Culture, Costume & Dress Conference 2021
The Body Politic: Dress, Identity and Power
6-7 May, 2021
Next year’s theme will be the political nature of both the body and dress, and how the two can be used to bolster or impart power. For individuals, as well as social groups, dress is a fundamental indicator of identity. Dress allows us to present a persona to the world; it is an early cue in our assessment of others; and it has the power to clothe us in identity. Dress can be empowering – think of uniforms, regalia, business suits. It can also disempower, as in the striped suits worn by inmates of concentration camps. The significance of dress is largely related to its closeness to the body, which has its own political ramifications: the objectification of the female body, for example, has implications for women’s performance in tasks. These two aspects of identity, and the relationship between them will be the subject of our next conference.
Thursday 27 August 2020, 13.00 – 17.00
The current pandemic has disrupted many aspects of our lives, not least that of dress. As we adapt to working from home and virtual socialising, casual dress has become the norm, and online shopping has reflected the need for tops rather than bottoms. While personal style has evolved to meet these new conditions, will athleisure be the new dressing up, or will there be a fashion backlash with more emphasis on tailoring and high heels? Lockdown has resulted in a greater awareness of climate issues, including the damage inflicted by the fashion industry. But will calls for greater sustainability cause more suffering to already impoverished workers?
Fashion has always responded to changes in society, and crises like the present one have typically had an impact on the way we dress. As in previous pandemics, the wearing of masks has become widespread, and the irony of their imposition at a time when face coverings have been banned in several countries, highlights the ambivalence traditionally felt towards them. Our present situation may tell us more than how we are responding now, but could perhaps provide an insight into the broader significance of dress in a time of crisis.
For more details, see the Dress in a Time of Crisis event page.
This conference explored the role of dress in fashionable society, whether that is through fashion itself, or as an expression of society in history, literature, and other fields.
Dress in all its manifestations – clothing, jewellery, accessories or body adornment – is necessarily related to fashion, and this relationship is one that culture references. The clothes we choose to wear act as social and cultural signifiers, by which others know us, and one of the most prominent indicators is whether or not they are fashionable. As individuals, we cannot escape fashion: whether we choose to embrace or ignore it, we make a statement about where we stand, and how we wish to be valued.
Membership of fashionable society feeds our psychological need to belong, and can provide the key to power and influence, making it difficult to resist. In literature, fashionable society is often used as a metaphor for superficiality and self-obsessiveness. In his novels, Thackeray attacked the frivolity of fashionable society, yet he was drawn to it and was very much a part of it himself. Its influence is pervasive; it has, for example, shaped the development of cities: parks, pleasure gardens, theatres, have all been prompted by the prevailing nature of social assembly (and fashion has responded by inventing new modes of dress for all of these activities).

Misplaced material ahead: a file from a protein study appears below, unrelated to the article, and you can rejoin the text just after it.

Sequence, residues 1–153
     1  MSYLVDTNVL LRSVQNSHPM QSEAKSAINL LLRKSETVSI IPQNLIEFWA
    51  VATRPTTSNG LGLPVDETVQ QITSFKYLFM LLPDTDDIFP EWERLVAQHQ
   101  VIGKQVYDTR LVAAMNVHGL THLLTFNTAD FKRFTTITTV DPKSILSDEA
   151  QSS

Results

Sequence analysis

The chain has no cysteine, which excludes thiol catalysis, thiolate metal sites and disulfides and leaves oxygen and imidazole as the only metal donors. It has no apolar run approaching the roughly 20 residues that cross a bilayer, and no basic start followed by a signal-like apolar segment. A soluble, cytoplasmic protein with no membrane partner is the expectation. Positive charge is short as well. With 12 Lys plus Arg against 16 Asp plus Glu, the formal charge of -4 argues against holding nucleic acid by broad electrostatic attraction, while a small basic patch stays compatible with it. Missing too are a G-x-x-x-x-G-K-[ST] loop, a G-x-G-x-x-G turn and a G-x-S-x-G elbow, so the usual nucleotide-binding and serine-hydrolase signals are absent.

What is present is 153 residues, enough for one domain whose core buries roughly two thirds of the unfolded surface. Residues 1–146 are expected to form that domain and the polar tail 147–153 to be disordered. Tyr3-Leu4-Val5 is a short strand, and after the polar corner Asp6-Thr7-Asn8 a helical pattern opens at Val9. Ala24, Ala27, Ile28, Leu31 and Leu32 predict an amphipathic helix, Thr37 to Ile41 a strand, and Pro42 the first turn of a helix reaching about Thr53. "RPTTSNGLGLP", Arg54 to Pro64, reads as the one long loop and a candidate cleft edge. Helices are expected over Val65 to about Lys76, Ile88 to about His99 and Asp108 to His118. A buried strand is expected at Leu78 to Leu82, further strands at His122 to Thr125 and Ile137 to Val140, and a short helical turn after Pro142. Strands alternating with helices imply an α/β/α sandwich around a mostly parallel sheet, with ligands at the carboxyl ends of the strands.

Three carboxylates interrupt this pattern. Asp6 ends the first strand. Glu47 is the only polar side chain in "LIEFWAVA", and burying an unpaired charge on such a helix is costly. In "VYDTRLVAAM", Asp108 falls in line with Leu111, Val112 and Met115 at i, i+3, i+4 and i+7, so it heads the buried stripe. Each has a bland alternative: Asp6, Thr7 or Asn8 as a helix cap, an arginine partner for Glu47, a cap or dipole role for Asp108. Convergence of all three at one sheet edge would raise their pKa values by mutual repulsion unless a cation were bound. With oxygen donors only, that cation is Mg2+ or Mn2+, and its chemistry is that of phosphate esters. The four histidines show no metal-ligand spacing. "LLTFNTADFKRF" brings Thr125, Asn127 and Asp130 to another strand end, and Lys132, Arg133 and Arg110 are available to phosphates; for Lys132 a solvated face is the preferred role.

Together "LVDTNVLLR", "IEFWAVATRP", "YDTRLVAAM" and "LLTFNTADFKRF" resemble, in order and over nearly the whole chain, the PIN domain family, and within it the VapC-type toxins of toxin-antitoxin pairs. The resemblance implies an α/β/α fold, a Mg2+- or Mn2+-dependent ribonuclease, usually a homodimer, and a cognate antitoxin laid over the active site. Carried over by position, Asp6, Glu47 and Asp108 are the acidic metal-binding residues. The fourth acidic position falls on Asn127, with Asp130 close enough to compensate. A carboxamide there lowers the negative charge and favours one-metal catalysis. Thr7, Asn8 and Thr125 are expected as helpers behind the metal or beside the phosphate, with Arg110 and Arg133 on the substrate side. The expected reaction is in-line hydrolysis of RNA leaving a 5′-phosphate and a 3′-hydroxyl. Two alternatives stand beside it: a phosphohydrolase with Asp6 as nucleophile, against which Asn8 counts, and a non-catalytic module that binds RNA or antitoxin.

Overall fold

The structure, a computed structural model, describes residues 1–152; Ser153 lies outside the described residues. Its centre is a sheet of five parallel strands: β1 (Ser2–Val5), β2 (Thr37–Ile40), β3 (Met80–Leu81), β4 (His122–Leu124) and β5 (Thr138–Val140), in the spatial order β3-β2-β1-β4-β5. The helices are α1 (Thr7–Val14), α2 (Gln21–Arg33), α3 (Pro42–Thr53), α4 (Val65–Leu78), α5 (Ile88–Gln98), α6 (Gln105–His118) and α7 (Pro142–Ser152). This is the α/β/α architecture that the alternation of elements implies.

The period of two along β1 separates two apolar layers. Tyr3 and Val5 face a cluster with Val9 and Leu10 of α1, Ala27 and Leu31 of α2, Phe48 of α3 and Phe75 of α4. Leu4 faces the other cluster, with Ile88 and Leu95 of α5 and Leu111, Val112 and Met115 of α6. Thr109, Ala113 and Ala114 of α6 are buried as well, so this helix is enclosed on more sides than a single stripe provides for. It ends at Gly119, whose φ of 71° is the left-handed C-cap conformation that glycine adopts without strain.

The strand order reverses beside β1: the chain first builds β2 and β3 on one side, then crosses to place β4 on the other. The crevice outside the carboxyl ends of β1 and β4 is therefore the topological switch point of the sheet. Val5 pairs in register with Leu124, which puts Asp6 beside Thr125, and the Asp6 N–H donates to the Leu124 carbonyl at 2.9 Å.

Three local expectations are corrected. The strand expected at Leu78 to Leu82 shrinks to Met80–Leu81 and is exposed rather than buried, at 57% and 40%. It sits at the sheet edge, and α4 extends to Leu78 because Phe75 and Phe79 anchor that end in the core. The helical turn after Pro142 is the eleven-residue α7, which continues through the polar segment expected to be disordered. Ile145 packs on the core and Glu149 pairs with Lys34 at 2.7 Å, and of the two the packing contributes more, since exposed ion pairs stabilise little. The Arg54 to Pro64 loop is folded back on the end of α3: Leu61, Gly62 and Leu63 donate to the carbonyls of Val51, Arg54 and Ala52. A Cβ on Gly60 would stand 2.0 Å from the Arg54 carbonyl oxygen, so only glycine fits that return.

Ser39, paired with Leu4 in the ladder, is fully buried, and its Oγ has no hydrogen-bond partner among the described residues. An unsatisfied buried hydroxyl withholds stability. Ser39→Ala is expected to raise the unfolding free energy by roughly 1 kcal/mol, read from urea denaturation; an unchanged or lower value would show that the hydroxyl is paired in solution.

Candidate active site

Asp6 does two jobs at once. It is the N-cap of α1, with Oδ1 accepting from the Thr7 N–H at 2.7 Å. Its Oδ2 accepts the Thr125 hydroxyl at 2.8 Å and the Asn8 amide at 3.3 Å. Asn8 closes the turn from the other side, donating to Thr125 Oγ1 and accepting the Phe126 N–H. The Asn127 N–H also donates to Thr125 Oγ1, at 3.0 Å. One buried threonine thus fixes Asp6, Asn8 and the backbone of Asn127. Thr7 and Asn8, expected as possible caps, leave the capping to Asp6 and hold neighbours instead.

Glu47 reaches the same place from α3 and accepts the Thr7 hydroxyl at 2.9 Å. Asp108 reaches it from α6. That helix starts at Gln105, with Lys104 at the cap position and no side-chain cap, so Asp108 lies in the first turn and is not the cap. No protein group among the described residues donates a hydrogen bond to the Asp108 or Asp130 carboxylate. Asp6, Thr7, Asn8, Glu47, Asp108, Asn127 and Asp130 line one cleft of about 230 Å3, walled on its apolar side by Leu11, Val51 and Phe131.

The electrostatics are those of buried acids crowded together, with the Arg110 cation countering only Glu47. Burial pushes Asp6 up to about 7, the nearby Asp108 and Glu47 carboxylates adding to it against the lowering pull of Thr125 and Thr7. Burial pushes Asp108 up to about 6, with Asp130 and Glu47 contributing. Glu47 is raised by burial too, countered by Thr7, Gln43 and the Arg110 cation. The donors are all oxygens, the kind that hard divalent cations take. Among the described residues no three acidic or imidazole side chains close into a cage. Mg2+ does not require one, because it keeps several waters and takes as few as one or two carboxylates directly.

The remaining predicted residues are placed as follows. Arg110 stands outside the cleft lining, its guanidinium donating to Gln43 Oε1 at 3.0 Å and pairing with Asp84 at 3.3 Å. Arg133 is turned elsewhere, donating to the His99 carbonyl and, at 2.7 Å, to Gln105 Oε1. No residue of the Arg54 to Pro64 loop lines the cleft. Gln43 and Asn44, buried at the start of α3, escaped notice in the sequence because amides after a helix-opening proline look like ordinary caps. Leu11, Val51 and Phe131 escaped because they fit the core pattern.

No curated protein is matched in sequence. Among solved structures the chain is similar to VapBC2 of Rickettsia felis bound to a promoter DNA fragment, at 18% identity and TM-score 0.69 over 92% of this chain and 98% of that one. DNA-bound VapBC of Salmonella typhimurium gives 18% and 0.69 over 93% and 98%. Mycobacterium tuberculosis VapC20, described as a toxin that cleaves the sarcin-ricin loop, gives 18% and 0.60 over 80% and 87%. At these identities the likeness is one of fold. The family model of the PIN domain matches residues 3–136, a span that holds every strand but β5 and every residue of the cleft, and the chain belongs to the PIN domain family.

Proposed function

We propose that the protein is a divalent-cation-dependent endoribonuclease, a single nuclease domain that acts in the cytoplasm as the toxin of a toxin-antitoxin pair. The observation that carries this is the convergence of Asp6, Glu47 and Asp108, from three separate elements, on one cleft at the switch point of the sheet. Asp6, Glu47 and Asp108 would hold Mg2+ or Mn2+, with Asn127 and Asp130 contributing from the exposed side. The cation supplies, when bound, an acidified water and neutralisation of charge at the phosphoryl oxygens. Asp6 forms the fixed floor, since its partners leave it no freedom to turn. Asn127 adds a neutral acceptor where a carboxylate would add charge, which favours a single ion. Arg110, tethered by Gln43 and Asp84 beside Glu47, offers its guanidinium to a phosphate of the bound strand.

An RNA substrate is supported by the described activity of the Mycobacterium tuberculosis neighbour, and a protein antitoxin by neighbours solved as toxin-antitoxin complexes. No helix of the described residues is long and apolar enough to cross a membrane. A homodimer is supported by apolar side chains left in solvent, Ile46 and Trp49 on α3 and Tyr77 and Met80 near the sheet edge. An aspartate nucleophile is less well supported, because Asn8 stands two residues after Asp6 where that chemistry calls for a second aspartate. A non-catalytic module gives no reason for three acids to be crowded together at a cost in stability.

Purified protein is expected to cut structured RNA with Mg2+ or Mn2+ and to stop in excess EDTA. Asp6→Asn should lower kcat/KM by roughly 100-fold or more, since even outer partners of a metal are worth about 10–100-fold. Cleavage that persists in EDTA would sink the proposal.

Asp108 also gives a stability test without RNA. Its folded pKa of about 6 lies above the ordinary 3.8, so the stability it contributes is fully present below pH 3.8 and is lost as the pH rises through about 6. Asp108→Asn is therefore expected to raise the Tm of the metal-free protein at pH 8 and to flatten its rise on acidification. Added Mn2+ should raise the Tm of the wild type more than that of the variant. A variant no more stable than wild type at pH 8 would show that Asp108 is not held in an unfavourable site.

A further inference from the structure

Fashionable society, then, embraces a wide range of activities and relates to many subject areas. Through presentations, posters and panel discussions, the conference considered the many aspects of costume and dress, their role in fashionable society, and the significance of this for culture and the social order.
Dress in all its manifestations, whether clothing, jewellery or other accessories, is a fundamental aspect of culture, and one that culture references. This multi-disciplinary, international conference explored the nature of dress as it relates to, responds to, and influences culture.
Clothing reflects the customs and concerns of society, and often reveals its underlying motivation. Nowhere is this more apparent than in the world of fashion, which almost unknowingly expresses the zeitgeist of its time. The perspective of history allows us to discern more clearly the power of dress to shape lives and influence society. Politically, clothing has been used to control certain groups; socially, clothing has provided status to individuals; and psychologically, dress both defines us and contributes to our sense of self.
This significance has been effectively exploited by the arts, particularly the visual arts, where costume is often used to convey particular themes, as for example, the costume adopted in royal portraits. In literature too, dress can provide insights into character and personality; and in the theatre, costume creates a persona for the audience and the actor who inhabits it.
Through presentations, posters, panel discussions and performance, the conference considered the many aspects of costume and dress, exploring their inter-connections and reflecting on their significance. It included an exhibition of costume and other artefacts that articulated the conference themes.